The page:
US, India to carry out large-scale joint military exercises in 2019

US, India to carry out large-scale joint military exercises in 2019

The exercise will involve sea, land, and air forces.

US Secretary of Defence Jim Mattis (left), US Secretary of State Mike Pompeo, Indian Foreign Minister Sushma Swaraj and Indian Defence Minister Nirmala Sitharaman pose for photos as they present media statements in New Delhi on September 6, 2018.

India and the U.S. signed a foundational defence partnership agreement during the dialogue and also agreed on several other measures to boost defence ties.

While it is expected that the final negotiations of the Communications Compatibility and Security Agreement (COMCASA) and other high-level defense exchanges under the Defense Trade and Technology Initiative (DTTI) will take center stage, both sides will also need to clarify their respective positions vis-à-vis Russia, Iran, Pakistan, Afghanistan and China. Beyond the S400 system, it would be unrealistic to expect that the United States will continue to look away India's defence purchases from other countries, especially from countries hostile to the US.

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None of the officials who spoke after the talks made any reference to where things stand on that issue.

The world's two largest democracies have drawn closer in recent years, seeking ways to counterbalance China's spreading influence across Asia, notably in Pakistan, Southeast Asia and the Indian Ocean.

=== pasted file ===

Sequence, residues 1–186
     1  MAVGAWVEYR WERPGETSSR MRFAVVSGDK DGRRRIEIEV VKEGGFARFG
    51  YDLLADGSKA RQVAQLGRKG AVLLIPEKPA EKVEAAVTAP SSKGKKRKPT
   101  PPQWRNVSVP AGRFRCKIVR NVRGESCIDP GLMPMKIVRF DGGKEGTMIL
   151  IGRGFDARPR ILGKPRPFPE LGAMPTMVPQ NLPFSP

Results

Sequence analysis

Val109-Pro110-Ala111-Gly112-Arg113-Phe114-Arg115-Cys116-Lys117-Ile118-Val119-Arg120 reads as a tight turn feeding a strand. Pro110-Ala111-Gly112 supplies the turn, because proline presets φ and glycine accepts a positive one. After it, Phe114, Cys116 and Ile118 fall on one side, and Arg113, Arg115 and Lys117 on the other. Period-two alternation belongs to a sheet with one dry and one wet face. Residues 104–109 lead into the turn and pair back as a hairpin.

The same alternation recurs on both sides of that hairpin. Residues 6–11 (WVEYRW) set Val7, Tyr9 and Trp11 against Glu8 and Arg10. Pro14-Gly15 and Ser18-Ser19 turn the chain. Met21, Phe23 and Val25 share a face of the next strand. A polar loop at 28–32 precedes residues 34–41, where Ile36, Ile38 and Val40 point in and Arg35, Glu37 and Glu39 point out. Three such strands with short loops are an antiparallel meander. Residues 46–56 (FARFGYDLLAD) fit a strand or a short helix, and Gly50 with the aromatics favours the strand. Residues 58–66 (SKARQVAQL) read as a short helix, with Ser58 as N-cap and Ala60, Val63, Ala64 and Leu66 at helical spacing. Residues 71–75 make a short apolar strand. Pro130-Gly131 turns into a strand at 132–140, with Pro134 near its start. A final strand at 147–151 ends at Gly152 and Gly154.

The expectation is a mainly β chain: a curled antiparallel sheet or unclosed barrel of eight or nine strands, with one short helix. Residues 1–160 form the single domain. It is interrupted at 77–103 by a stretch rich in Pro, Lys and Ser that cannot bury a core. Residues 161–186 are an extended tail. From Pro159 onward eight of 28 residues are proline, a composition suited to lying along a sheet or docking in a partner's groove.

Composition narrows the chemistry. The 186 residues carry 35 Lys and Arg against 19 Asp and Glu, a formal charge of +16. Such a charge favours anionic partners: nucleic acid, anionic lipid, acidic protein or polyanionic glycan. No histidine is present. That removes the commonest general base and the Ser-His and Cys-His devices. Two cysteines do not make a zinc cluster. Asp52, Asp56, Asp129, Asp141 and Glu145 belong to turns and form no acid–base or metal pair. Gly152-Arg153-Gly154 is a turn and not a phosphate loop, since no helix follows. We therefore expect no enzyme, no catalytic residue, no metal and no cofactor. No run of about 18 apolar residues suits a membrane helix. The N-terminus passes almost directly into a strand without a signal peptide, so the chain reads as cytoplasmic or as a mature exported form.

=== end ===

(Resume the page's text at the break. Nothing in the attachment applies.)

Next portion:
Before coming to India, Pompeo held talks in Islamabad with Pakistan's new government and generals, aiming to smooth over tensions after President Donald Trump took a tough new line towards Pakistan over longstanding accusations it is not doing enough to root out Afghan Taliban fighters on its territory.

The US welcomed India's accession to three major non-proliferation regimes and reiterated its full support for India's membership of the Nuclear Suppliers' Group (NSG). Washington and New Delhi share concerns over Pakistan-based anti-Western and anti-Indian Islamist militant groups.

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Once the communications accord is in place it could lead to the sale of an armed version of Guardian drones, as Washington has so far only authorised the sale of unarmed, surveillance versions of the aircraft.

Yesterday, while talking to the travelling press, Mike Pompeo had said that India buying a missile defence system from Russian Federation and oil from Iran would be part of the dialogue but not be the primary focus.

Under current United States rules, third countries could face sanctions if they transact with Russian defence or intelligence sectors.

However, a new defence bill proposes giving the United States president authority to grant waivers when national security interests are at stake. "Given those values, India and the United States have a natural starting point for advancing at free and open Indo-Pacific".

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"We're asking all of our partners, not just India, to reduce to zero oil imports from Iran, and so I'm confident that will be part of our conversation with India", the official said as Pompeo and Mattis met with their counterparts in the Indian capital. The two sides said they looked forward to full implementation of the civil nuclear energy partnership and collaboration between the Nuclear Power Corporation of India Limited (NPCIL) and the Westinghouse electric Company for setting up six nuclear power plants in India.

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